Special Needs Trust Attorney
Many of us have a friend or family member who is challenged by a physical, mental, or developmental disability. Caring for a loved one under these circumstances can be both challenging and rewarding. As part of your care plan, you should consider the use of a special needs trust. This is particularly true if the person is receiving, or plans on applying for, state or federal benefits such as Medicaid and Supplemental Security Income (SSI). A special needs trust provides a mechanism by which the disabled person can receive gifts and inheritances without interfering with his or her benefits. Because of their complexity, this type of trust is generally set up with the help of a skilled estate planning attorney.
What is a Special Needs Trust?
A special needs trust is a trust specifically designed to hold assets for a person who suffers from a physical or mental disability. The trust holds property for the benefit of the disabled person who is likely unable to manage his or her own finances. Special Needs Trusts are generally used to pass wealth to a disabled person without interfering with his or her Supplemental Security Income (SSI), Medicaid, vocational rehabilitation, and subsidized housing. There are two types of special needs trusts. “Self-Settled” Special Needs trusts and “Third Party” Special Needs Trust.
Self-settled special needs trusts are trusts established using funds to which the disabled person had a right to possess. Meaning, the funds used to fund the trust were his or her own property. Typically, in a self-settled scenario, the proceeds come from a settlement or lawsuit which led to the disability. The rules governing the use of self-settled special needs trusts are much more restrictive than those of a third party special needs trust because the assets being sheltered by the trust were the disabled persons own property.
Third party special needs trust—as the name suggests—are special needs trusts which are funded with someone else’s assets. Typically, a third party special needs trust is set up by the family of the disabled person. The family then gifts money to the trust, rather than the disabled person, so the gifts do not interfere with the disabled persons Supplemental Security Income (SSI), Medicaid, vocational rehabilitation, and subsidized housing. This is particularly common with an inheritances.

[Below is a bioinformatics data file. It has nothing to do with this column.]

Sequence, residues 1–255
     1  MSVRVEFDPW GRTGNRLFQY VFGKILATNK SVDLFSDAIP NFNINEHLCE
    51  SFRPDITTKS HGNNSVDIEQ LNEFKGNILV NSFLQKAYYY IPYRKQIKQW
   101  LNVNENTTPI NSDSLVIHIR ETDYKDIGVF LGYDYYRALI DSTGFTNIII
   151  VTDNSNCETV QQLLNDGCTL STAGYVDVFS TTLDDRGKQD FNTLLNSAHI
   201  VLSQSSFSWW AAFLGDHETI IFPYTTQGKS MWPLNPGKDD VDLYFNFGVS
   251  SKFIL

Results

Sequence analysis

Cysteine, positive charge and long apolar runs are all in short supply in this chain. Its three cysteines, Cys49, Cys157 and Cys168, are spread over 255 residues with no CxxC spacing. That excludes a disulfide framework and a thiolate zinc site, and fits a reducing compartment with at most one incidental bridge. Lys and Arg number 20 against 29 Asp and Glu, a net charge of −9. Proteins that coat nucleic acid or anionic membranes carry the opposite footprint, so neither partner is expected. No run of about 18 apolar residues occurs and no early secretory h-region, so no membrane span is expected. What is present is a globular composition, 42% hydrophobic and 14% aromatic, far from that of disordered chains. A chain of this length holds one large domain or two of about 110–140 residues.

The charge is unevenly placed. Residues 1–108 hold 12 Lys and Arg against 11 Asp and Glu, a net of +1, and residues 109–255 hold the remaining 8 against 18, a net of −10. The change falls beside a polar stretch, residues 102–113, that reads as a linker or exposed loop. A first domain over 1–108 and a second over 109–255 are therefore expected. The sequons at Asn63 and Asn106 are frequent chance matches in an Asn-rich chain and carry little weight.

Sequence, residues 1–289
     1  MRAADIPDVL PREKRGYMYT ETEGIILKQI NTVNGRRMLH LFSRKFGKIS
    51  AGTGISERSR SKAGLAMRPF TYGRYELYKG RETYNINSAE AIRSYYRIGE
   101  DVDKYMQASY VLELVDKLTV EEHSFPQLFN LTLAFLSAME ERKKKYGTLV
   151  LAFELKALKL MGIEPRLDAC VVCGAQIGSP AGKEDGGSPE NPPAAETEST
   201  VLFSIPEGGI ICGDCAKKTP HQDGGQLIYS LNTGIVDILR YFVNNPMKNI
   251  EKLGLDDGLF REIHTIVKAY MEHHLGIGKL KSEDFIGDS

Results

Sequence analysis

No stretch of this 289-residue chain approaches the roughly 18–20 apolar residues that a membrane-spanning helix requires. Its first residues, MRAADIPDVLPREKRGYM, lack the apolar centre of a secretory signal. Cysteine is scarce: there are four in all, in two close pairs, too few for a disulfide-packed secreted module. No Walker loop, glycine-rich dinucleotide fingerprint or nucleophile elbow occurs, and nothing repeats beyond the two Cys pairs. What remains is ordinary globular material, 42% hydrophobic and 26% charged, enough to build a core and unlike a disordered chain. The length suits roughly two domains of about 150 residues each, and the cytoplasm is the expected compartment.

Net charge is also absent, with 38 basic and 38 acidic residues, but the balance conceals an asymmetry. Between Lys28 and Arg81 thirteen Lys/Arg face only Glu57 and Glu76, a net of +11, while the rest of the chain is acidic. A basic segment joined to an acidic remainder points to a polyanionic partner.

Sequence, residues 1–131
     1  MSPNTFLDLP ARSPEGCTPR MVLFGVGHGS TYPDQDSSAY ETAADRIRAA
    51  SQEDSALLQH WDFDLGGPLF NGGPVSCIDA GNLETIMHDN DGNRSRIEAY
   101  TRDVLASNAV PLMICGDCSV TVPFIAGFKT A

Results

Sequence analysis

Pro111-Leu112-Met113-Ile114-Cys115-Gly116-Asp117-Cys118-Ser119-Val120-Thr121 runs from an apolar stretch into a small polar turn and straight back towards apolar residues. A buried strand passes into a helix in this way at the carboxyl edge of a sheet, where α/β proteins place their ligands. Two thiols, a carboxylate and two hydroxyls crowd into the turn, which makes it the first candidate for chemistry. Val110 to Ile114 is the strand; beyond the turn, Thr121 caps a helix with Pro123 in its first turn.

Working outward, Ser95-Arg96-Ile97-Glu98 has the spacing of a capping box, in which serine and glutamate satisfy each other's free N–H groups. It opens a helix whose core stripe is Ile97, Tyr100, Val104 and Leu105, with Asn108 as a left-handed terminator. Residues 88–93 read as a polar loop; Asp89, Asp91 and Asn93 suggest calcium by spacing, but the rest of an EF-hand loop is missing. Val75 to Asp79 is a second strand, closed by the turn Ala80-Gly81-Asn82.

How Does a Special Need trust Work?
If a person receiving means tested state or federal benefits (SSI, Medicaid, Etc.) receives a large inheritance (or gift), the inheritance may render the disabled person ineligible for the benefit. Thus, the disabled person is required to spend down the inheritance or gift then reapply for the state or federal benefit. A special needs trust works by holding the assets for the disabled person. In this type of arrangement, the trust rather than the disabled person owns the assets in question, therefore the assets in the trust are not counted as the disabled person’s assets for purposes of means tested state or federal benefits.
With a proper planning, the family of a disabled person can leave money to special needs trust. Doing so will prevent the inheritance (or gift) from interfering with state or federal benefits—and allow the disabled person to benefit from the inheritance via distributions from the special needs trust.
How to Set Up a Special Needs Trust in Michigan
In Michigan, a special needs trust is generally set up or prepared by an attorney. The trust is carefully drafted to ensure assets in the trust are not considered the disabled person’s property. Preparing a special needs trust is generally done as part of a broader estate plan. Any person who has named the disabled person in there will or trust will have to update their documents to name the special needs trust as beneficiary rather than the disabled person personally.
What Can a Special Needs Trust Be Used For?
The trustee of a special needs trust cannot give money to the disabled person directly. This would constitute a gift and the money received would be count in the means testing calculations. Meaning, the gift could affect the disabled person’s benefits. Instead, the trustee can use the trust assets to purchase necessities. Typically, necessities include vehicles, a personal care attendants, vacations, home furnishings, education, medical and dental expenses, physical therapy, and even recreation.
Special Needs Trust Lawyer
Do you have questions about a special needs trust? Our experienced trust attorney can answer your questions and help you get started today! Contact us for your free consultation. We are a five star rated law firm. Our office is located in Plymouth, Michigan. Our special needs trust attorney serves all of Metro Detroit and Ann Arbor, including Plymouth, Canton, Northville, Novi, West Bloomfield, Commerce, and Farmington Hills.
We offer free consultations and flexible appointments to meet your needs, including weekends and after hours appointments.
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Call now for your free consultation (248) 773-5555.